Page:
Monday, September 17, 2012

A Teleological Argument from Providence

The following argument is logically valid.

1. There are patterns of regularity found in the laws of nature. (Premise)

2. The laws of nature are either the result of chance, necessity or design. (Premise)

3. Patterns of regularity cannot be the result of chance alone. (Premise)

4. Therefore, the laws of nature are either the result of necessity or design. (From 1 - 3)

Whether the laws of nature are explained by necessity or design is inconsequential at this point of the argument.  After all, given that chance is a very poor explanation, the laws of nature must be the result of someone or something's providence.

That providence is what we believers call, "God."  If it's a "someone," then we have an argument for a personal designer.  If it's a "something," then we're left with some form of pantheism.

To be honest, I just don't get why atheists won't embrace pantheism.  I think there are a lot of problems with pantheism, but pantheism makes much more sense to me than atheism.  If the atheist will simply come to terms with pantheism being a more viable belief than atheism, then I think we can make some real progress.  The debate would no longer be about theism versus atheism, but rather theism versus pantheism.

Thursday, September 6, 2012

A Practical Argument for God's Existence

Suppose you're resigned to an agnostic position: it is impossible to tip the scale in favor of theism or atheism by reason alone.  Can theism still be the preferred position?  Consider the following argument.

1. If there is no God, everyone has the same fate of eternal death. (Premise)

2. The fate of eternal death is depressing. (Premise)

3. Hence, if there is no God, then everyone has a compelling reason to be depressed. (From 1 and 2)

4. All things being equal, it is more rational to believe in something that leads to happiness than in something that leads to depression. (Premise)

5. Therefore, all things being equal, it is more rational to believe in God than not. (From 3 and 4)

Tuesday, September 4, 2012

The Argument from Suffering and an Ad Hominem Argument for the PSR

The more sophisticated argument from suffering against God's existence is surely its evidential form.  It goes something like this:

1. If God exists, then there will not be any gratuitous sufferings. (Premise)

2. There are gratuitous sufferings. (Premise)

3. Therefore, God does not exist. (From 1 and 2)

Lest we forget, it's important to note that even if this argument were successful, it would not demonstrate that there is no God whatsoever.  There very well may be a God qua creator and sustainer of all contingently existing entities, for example.  Nevertheless, the argument from suffering, if cogent, does demonstrate that a maximally excellent God (omnipotent, omniscient and morally perfect) does not exist.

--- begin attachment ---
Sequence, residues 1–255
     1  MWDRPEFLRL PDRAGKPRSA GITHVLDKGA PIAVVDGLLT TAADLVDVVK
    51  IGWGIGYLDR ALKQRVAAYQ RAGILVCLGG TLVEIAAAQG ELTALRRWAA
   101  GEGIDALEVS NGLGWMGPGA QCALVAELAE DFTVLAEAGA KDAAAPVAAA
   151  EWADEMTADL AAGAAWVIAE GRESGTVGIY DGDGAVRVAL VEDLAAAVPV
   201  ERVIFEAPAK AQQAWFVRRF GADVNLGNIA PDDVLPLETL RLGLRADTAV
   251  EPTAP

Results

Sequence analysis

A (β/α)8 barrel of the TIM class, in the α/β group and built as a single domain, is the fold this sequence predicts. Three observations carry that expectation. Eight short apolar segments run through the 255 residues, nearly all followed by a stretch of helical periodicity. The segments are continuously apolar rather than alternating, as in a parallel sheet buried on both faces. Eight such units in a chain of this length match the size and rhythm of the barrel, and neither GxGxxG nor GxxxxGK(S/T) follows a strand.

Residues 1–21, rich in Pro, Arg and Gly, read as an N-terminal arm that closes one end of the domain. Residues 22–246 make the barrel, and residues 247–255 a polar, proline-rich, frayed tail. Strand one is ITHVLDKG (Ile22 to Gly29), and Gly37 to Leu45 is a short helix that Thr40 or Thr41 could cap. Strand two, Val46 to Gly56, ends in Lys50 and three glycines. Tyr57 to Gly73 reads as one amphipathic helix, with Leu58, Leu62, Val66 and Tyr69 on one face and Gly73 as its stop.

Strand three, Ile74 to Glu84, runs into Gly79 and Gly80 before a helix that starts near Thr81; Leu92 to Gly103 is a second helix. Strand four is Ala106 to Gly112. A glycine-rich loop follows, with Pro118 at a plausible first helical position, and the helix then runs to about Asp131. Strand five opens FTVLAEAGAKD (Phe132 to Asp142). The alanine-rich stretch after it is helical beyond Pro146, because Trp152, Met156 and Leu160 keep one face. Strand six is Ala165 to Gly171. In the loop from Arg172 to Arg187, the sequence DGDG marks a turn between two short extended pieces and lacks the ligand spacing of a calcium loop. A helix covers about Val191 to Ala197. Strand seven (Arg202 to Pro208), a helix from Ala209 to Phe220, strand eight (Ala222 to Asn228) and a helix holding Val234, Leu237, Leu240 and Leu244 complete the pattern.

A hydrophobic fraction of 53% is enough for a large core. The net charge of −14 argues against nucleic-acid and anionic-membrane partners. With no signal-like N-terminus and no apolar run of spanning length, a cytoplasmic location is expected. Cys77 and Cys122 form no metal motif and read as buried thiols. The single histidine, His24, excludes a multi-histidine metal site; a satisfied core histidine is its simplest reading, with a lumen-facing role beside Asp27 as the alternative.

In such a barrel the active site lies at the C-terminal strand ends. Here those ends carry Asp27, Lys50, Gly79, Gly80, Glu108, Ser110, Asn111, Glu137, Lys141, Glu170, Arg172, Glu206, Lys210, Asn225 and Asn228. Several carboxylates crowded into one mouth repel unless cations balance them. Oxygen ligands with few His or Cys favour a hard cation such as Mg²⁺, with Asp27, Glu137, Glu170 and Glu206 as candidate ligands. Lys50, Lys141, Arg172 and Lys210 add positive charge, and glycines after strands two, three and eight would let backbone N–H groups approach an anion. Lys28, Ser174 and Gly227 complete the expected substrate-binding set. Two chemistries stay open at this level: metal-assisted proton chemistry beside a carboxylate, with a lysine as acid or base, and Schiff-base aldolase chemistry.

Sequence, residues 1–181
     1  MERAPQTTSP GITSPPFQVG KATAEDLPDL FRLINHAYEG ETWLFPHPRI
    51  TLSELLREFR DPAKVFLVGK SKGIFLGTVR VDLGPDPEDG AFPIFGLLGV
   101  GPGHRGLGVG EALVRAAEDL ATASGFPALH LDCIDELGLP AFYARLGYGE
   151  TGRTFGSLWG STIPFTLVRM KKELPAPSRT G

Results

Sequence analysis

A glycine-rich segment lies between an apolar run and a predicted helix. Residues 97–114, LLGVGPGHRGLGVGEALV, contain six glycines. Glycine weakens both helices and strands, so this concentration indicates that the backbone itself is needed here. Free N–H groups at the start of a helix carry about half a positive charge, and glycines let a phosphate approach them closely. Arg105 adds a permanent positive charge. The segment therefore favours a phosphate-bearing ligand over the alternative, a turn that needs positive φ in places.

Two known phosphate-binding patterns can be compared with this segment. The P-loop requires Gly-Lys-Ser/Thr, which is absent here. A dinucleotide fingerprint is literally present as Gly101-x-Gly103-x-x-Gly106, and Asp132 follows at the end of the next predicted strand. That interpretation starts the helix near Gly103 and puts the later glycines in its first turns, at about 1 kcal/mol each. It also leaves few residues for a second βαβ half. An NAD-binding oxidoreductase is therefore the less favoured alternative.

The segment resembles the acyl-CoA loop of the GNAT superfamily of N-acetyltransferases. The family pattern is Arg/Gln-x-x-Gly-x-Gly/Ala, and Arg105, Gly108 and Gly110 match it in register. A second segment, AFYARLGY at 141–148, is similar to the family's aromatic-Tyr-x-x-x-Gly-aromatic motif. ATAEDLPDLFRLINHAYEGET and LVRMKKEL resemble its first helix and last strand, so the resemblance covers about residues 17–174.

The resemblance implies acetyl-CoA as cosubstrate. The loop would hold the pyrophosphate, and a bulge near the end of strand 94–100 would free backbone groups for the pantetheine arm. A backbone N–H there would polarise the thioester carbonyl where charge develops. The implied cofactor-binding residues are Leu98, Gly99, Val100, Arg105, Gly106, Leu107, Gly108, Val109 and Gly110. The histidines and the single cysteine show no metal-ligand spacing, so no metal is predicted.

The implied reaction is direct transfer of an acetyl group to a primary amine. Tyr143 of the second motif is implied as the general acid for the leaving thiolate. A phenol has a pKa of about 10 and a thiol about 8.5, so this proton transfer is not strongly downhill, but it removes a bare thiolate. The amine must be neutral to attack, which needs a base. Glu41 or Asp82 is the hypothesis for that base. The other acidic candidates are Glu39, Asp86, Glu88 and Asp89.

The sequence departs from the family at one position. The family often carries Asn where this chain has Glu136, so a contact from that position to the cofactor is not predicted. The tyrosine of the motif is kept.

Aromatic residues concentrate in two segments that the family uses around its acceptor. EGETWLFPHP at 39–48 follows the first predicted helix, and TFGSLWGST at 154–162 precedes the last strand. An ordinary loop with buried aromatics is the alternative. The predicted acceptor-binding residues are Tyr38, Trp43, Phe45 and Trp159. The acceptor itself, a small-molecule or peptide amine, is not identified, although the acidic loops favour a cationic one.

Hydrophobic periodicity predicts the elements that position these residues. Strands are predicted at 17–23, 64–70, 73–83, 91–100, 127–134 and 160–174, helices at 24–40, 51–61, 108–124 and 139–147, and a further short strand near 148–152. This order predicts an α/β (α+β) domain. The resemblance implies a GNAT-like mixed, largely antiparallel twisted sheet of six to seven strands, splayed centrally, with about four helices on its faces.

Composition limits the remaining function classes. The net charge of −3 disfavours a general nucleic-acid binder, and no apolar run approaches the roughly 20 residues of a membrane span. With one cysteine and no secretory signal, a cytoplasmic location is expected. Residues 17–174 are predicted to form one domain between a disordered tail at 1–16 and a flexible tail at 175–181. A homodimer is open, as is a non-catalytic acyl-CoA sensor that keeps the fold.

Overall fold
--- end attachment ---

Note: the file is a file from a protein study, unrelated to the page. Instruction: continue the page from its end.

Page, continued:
As theists, we have often challenged both premises of the argument from suffering.  However, I want to tackle this at a different angle.  I want to argue that in order for any non-trivial argument from suffering to succeed, the skeptic must accept, perhaps unwittingly, some variant of the Principle of Sufficient Reason (PSR).

The standard response to the logical version of the argument from suffering is that God may have morally sufficient reasons for permitting evil.  The skeptic who agrees that the existence of God and the reality of suffering are compatible appropriately retorts that while God may have morally sufficient reasons for permitting suffering, he does not have such sufficient reasons in light of the many gratuitous sufferings.

Let that sink in for a moment.  The proponent of the evidential argument from suffering agrees with the theist that God can and must have morally sufficient reasons for allowing suffering.  It's at this point that the skeptic presupposes the PSR.  If he weren't, then he wouldn't be requiring God to have any morally sufficient reasons at all.

I realize this is an ad hominem argument, but not all ad hominem arguments are fallacious or personal attacks.  What I've been seeking to do in this post is simply lead the skeptic to the logically inescapable conclusion that either the PSR is true, or else God needn't provide any morally sufficient reasons for permitting suffering of any kind.  The skeptic will simply have to pick his poison and either adopt some form of theism via the PSR, or else abandon the most promising argument against an omnipotent, omniscient and morally perfect being.